Protect Your Family, Future, and Financial Security
Texas is one of nine states in the U.S. that operates under a community property system. What does this mean to you? If you are heading into a divorce and are concerned with dividing property and assets, property from the estate will be characterized by the court system as community or separate.
Navigate your case with a firm that offers:
- 16+ years of experience
- Free case consultations
- Personalized legal service
- Open & honest communication
What Is the Difference Between Community and Separate Property in Texas?
Property acquired by you or your spouse during the course of your marriage is by default presumed to be community property that is subject to court oversight on division. That presumption can be challenged by our family law attorneys in Fort Worth who may be able to show that the property was received as an inheritance or gift.
In a Texas divorce proceeding, separate property is regarded as:
- Property owned by a spouse prior to the marriage
- Property given to a spouse during their marriage
- Property inherited by a spouse during their marriage
You should understand that under Texas law, the court is unable to divest a party in a divorce from their separate property. This may seem simple enough, but the complexities of divorce and property division enter the equation when you consider all aspects of the estate and how they are characterized.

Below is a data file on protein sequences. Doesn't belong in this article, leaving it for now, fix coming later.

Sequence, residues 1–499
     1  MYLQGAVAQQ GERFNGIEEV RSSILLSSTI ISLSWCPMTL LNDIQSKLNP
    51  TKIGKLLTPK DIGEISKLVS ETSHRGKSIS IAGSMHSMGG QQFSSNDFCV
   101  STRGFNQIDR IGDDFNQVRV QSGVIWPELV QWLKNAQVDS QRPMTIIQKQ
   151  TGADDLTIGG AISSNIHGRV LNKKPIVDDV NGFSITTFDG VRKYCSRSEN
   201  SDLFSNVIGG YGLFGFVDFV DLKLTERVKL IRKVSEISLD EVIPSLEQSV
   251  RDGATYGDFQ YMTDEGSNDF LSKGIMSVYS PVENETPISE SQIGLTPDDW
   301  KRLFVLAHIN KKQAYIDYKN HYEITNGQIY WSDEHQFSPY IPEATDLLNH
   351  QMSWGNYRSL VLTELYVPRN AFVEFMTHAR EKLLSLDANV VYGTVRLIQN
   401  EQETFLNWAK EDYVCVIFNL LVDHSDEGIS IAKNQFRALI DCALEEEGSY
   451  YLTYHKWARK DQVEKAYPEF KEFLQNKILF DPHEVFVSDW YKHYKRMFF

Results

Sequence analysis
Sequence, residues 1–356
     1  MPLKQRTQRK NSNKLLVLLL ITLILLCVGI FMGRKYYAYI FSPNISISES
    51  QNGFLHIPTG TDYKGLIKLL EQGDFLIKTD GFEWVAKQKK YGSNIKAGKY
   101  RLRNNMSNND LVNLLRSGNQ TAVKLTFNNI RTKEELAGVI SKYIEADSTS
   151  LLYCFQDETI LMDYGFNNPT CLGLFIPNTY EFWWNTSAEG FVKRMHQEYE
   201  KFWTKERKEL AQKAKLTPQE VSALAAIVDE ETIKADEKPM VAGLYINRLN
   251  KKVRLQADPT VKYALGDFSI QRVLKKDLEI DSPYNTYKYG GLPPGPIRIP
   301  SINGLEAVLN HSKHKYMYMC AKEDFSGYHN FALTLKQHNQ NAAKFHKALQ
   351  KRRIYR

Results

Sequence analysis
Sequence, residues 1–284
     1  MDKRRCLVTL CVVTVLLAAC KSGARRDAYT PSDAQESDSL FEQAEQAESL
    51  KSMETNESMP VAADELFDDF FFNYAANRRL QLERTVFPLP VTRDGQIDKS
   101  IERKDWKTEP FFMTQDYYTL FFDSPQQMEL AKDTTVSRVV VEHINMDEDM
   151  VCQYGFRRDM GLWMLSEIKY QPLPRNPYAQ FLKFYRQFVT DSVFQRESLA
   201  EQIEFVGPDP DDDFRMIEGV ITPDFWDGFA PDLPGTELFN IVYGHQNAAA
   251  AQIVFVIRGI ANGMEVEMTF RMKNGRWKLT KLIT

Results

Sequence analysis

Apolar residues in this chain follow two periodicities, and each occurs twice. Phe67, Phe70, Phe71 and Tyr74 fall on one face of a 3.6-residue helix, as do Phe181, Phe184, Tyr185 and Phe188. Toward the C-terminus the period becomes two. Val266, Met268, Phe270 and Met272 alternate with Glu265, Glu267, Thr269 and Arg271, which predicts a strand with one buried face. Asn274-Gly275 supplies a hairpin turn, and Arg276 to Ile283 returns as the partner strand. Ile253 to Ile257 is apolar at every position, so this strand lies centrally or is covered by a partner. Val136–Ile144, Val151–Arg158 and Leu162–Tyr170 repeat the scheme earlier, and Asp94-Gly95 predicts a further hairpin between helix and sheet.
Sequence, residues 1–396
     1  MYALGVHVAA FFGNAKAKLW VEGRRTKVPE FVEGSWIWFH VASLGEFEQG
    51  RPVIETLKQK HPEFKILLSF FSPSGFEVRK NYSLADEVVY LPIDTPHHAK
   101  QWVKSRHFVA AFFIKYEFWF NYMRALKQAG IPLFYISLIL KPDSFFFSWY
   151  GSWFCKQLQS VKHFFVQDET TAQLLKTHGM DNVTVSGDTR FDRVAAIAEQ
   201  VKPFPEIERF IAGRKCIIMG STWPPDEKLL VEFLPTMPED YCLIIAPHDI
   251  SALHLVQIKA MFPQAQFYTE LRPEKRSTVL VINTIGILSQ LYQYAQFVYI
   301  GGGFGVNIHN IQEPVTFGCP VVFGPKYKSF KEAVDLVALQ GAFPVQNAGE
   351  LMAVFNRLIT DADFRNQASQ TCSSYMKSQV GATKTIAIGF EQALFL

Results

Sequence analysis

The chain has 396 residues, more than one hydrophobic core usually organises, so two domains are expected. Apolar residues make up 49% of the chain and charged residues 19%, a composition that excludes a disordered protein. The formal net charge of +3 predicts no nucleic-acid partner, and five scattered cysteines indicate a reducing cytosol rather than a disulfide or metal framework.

Fight for Your Rights with Labovitz Law Firm!
Understanding every aspect of your financials, who the judge may be likely to consider at fault in the divorce, and the relative value of separate property between parties are all important factors. At Labovitz Law Firm, our property division attorneys in Fort Worth are well-versed in divorce and the favorable division of assets. We can work with you to deal with what may feel like the insurmountable task of inventorying your property and securing what is rightfully yours. Contact us today to schedule your free in-person consultation.